Heike-Melba Fendel has recently published her love story Zehn Tage im Februar (Aufbau Verlag), large parts of which were written on and around Strausberger Platz.
We bump into each other when we’re both out grocery shopping. She’s on her way back to Strausberger Platz – her home base whenever she’s in Berlin – and is struggling with her bags. We have a quick neighbourly chat, which leads me to reminisce about the first time we met.
This was in Cologne in 1991, when Heike-Melba Fendel and two of her friends had just started an agency called “Barbarella Entertainment”, which was committed to opening doors for emerging actors and named after the eponymous 1968 science fiction film starring Jane Fonda as a super-sexy, super-confident and super-smart 41st-century astronaut – I wonder if she’s Fendel’s alter ego?
She has put her bags down on the pavement – somewhat incongruous props that seem ill suited to this beautiful blond woman who purses her full lips every time she pauses to think. Is it sexist to mention this? Would I have mentioned it if she was a man? Heike only laughs at my musings. She has no need to prove herself – after all, Die Zeit, one of Germany’s most important weekly newspapers, has labelled her “one of the most independent women in the German media industry.”
Apart from managing and advising actors, broadcasters and writers, she writes newspaper columns and has been instrumental in setting up the Hessen Film and Cinema Prize.
Image courtesy of Elke – photocase.de
Then there are her books. The new one, Zehn Tage im Februar, is her second solo expedition, but she has contributed to many others. This is how the publisher’s blurb sums up the plot: “A man leaves his wife, and the wife goes to watch a movie. She’s always been far less interested in the carousel of love than in the latest cinema release. So how did her life turn into a tired melodrama? There’s only one person who can help her: the great cinema director Jane Campion.” Ten cold February days during the Berlin Film Festival, one of the largest in the world.
Many revelations happen in the dark intimacy of the cinema, others on the red carpet as the likes of Matt Damon, Martin Scorsese, Gwyneth Paltrow and Angelina Jolie file past. Heike-Melba Fendel has completely and compellingly mastered the art of straddling the divide between VIP reception, small talk and serious conversation with glorious wit. Her novel strikes a similar balance between depth and surface, great emotions and emotional emptiness.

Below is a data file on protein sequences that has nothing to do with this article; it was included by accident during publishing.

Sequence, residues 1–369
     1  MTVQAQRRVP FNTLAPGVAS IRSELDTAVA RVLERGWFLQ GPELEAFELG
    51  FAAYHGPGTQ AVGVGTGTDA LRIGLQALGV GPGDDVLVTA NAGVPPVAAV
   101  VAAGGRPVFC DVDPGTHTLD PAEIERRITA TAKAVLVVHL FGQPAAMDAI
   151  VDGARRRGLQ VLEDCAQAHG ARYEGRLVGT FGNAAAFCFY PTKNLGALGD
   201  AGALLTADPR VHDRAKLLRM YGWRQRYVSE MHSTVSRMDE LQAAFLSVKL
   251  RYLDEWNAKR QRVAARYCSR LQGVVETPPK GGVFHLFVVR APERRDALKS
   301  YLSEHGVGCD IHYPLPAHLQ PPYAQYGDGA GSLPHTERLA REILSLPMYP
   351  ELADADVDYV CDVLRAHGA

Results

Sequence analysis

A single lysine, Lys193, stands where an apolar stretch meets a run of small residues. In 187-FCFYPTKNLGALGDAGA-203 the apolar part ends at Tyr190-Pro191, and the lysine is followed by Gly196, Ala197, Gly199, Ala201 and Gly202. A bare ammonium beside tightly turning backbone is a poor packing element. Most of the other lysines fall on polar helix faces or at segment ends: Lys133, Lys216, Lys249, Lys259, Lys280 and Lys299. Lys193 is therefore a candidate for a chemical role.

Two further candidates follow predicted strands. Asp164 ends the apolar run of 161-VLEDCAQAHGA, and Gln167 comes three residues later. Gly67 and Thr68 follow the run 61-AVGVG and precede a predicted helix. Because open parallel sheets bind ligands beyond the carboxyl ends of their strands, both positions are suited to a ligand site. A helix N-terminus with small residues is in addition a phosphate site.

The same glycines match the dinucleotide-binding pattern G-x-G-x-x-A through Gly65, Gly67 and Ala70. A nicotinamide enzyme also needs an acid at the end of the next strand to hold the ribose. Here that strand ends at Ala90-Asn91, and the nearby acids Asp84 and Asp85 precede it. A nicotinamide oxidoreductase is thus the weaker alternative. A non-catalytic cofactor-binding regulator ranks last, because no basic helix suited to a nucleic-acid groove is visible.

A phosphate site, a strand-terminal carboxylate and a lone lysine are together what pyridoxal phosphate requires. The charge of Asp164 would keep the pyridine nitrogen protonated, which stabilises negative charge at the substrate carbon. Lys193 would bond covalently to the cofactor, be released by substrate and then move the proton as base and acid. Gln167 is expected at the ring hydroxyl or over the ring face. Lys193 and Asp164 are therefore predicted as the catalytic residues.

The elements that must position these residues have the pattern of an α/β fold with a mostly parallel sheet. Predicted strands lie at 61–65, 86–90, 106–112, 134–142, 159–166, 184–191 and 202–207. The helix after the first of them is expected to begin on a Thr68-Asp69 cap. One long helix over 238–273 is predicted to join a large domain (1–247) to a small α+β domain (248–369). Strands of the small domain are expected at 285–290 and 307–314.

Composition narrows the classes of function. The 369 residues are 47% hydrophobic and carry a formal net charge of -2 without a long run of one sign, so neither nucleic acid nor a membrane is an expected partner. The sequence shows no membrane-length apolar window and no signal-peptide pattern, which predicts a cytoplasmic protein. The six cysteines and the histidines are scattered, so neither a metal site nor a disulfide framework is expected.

Her heavy bags unpacked, their contents consumed, Heike-Melba Fendel is already off to her next meeting. She divides her time between Strausberger Platz and Cologne. In her Berlin apartment, her dining room window overlooks Strausberger Platz – although if the large maple tree in front of the building grows any taller, she won’t be able to see much anymore. The windows at the back have a view of the TV Tower at Alexanderplatz. Every year between spring and autumn, I see her cycling past my office window towards Alexanderplatz. It’s always a joyous sight – she’ll often wear flowing dresses or push down the pedals of her bike in high heels. And she’s a woman who has made a conscious decision to live here – in one of the most unusual places in the capital. There’s nowhere that would suit her style better.
Image courtesy of kallejipp – photocase.de
In the summer of 2015, when Germany was confronted with the equally “unusual” situation of trying to house almost a million refugees, Heike-Melba Fendel phoned me from Bosnia, where she was on holidays. “My apartment is empty – my assistent will give you my keys if you want to use it to offer shelter to refugees.” She didn’t know Ali, Saleh, Mujahid and Kazeem, nor did she ever get to meet them. They stayed in her apartment for weeks until the city finally sorted out accommodation for them. Heike got in touch when she was back in her Cologne apartment. She was only worried about one thing: “Please make sure that nobody smokes in my apartment and that my velvet couch is covered with a sheet. It’s quite delicate.”
Her sofa may be delicate, but its owner is delighted by new experiences, people and environments. Zehn Tage im Februar captures some of that delight.